Halo: “Inheritance” Recap

More and more it’s feeling as though Halo should have been adapted for the big screen first, before being taken on by Paramount+ as one of their more entertaining properties. More than a few fans are scratching their heads while trying to decide which way to aim their less than congratulatory opinions at this episode, and several are taking it further to state that ‘Inheritance’ was a few episodes too late to be entertaining enough to keep things moving in the desired direction. The worst part is that they’re not entirely wrong since this episode does revisit an idea that should have been pushed and finished earlier and at this point feels like it’s being given as a recalcitrant apology to the fans that were hoping to see the show mirror the video games a little more. While shaking my head and rolling my eyes I can’t but wonder why anyone is thinking that a video game movie is going to follow the video game these days. It’s essentially the same thing with comic books, there might be enough to recognize the relationship, but the directors are going to do what they feel is right, not what the fans want. 

To be fair, fan service can be a positive or a negative thing depending on how close the stories are going to be. There is a great deal of sense in keeping things as close to the source material as possible, but at the same time, trying to tell the same exact story without any deviations becomes a bit redundant. Of course, taking a completely new course is bound to stoke the ire of the fans as well. Pleasing everyone is impossible, as it’s already been proven many times over. But Kwan Ha’s story does feel as though it should have been pushed to this point before now, if only to give more time to Master Chief, Halsey, and the main characters of the show. 

Her search for those who guided her father to his purpose feels less like a young woman seeking to find her path than a young woman who is still incredibly naive and needs a great deal of teaching before she’s even worth trusting with the charge she’s given as a protector. Her petulant manner is kind of a turn-off when it comes to seeing her as a viable character, and giving her fate over to a desert-dwelling tribe of women almost screams of a slightly muted form of empowerment. Things don’t really manage to get that interesting until she returns to the site where her people were massacred to do…something. The vague details of this episode don’t help that much, to be honest, but once Kwan Ha and Soren meet up again it does start to get interesting…with only a short amount of the episode left to go. Still, her knowledge of the station, and the fact that she’s a little more self-assured, do help to give the audience hope that Ha might actually be developing into a useful character. During the firefight with Vinsher’s forces (yes, he’s still kicking around and wants to eliminate Ha), one has to exercise a great deal of patience once again as the plot armor thickens, allowing Ha and Soren to take on Vinsher’s overwhelming force, who must be new to the job since otherwise, it feels likely that the duo should be taken out without too much trouble.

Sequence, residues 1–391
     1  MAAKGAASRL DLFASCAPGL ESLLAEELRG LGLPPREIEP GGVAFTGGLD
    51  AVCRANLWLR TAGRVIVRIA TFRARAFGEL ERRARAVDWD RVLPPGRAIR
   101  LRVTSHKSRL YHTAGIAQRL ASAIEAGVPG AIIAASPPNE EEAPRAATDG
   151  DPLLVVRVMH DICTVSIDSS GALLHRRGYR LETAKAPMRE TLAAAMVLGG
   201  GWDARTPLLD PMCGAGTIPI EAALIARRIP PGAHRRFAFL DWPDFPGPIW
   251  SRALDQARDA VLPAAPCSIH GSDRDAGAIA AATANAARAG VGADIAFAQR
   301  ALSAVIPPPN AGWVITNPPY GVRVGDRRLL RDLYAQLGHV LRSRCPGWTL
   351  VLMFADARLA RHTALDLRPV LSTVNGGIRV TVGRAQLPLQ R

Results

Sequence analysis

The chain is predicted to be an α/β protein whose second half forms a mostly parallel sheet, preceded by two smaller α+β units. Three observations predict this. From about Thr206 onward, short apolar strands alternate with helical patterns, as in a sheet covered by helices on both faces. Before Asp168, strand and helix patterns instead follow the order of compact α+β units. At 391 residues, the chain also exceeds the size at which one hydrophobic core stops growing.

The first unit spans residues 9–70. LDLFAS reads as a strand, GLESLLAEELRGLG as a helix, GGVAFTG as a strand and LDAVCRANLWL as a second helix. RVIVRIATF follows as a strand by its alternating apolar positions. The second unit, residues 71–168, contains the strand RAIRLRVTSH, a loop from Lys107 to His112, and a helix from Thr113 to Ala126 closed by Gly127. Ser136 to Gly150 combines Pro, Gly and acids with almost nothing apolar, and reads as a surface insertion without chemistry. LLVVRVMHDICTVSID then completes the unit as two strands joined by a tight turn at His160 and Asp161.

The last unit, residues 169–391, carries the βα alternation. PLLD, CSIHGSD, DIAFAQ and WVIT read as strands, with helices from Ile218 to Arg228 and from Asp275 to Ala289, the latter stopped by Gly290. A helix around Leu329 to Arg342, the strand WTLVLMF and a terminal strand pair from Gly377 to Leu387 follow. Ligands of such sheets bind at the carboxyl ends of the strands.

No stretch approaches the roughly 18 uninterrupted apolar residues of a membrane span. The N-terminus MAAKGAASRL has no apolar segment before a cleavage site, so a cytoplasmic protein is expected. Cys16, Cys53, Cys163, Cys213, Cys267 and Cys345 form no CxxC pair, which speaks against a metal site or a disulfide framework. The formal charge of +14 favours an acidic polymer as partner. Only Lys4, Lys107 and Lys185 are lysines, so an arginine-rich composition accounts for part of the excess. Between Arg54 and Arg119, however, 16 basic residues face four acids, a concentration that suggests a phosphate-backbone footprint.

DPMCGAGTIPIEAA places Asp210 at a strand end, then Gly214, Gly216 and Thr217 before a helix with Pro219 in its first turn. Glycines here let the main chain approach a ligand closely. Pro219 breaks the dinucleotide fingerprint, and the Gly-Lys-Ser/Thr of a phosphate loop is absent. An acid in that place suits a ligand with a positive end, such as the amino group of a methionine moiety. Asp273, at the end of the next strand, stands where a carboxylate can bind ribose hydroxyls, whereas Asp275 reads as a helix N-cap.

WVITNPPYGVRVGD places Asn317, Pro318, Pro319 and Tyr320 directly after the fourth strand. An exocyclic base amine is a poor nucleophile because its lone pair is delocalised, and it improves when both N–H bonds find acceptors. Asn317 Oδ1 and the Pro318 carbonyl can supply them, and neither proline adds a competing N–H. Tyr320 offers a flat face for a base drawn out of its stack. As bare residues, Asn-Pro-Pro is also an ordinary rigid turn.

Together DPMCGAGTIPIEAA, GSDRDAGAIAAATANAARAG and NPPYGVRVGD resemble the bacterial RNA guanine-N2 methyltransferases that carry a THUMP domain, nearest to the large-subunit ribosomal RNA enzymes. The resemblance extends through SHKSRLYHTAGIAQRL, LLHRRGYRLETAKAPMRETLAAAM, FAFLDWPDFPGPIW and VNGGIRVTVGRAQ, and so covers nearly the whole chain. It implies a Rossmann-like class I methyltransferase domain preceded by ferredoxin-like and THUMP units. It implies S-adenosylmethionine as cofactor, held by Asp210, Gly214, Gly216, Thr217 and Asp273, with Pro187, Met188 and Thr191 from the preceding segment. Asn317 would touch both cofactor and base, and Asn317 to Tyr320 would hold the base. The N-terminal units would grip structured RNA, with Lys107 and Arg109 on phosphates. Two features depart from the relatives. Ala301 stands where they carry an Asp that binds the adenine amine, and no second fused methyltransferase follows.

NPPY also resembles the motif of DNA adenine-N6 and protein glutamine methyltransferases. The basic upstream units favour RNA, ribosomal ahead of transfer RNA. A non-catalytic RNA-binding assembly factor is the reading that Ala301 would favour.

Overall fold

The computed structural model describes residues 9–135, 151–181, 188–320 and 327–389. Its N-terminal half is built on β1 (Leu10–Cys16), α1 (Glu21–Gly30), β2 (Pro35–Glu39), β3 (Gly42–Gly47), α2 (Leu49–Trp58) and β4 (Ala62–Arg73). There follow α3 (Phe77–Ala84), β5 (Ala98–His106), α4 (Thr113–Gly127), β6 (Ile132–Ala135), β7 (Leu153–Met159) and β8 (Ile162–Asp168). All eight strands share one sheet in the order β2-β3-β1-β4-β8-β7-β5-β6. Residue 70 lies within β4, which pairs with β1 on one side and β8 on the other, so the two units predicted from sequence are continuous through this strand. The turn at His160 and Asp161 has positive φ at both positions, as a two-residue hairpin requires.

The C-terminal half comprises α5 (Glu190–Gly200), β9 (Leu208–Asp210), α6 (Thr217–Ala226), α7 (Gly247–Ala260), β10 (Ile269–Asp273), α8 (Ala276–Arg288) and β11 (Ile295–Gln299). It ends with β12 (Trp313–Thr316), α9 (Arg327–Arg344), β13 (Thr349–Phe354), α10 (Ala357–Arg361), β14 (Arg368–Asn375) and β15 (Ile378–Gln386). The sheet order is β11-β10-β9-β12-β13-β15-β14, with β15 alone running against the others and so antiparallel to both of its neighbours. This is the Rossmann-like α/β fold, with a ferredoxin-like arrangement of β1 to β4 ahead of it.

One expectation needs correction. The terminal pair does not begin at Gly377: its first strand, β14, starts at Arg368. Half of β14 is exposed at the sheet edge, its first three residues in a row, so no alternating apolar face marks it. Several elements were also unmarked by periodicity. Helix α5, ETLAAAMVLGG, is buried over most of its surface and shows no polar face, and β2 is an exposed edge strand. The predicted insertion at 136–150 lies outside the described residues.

True, Soren is a capable fighter and trained with the Spartans for a while, but unlike Master Chief, he didn’t exactly keep up on his training since he became a pirate and smuggler living the good life. Perhaps old habits don’t die in this case, but it would also appear that Vinsher’s people are little more than untrained thugs with guns since killing them off is a bit too easy. Master Chief would stroll through them, that much feels obvious, but Soren should have had at least a little trouble. He did get tagged a couple of times, but never with the type of force or shot that would have put him down. Some might chalk this up to him being insanely tough, but in the grand scheme of things, it was a little too convenient. 

There is one hope at the end of this episode, and that’s the idea that Kwan’s story has been sufficiently told to usher in the return of Master Chief to action as the finale is now only two episodes away. The decision to move away from the story of Master Chief, Dr. Halsey and the fight against the Covenant was an odd one, as many people tend to feel about this episode, but at the very least it would appear as though this was meant to mop up the idea of where Kwan and Soren fit in the story, at least for now, before moving back to the heart of the Halo series. 

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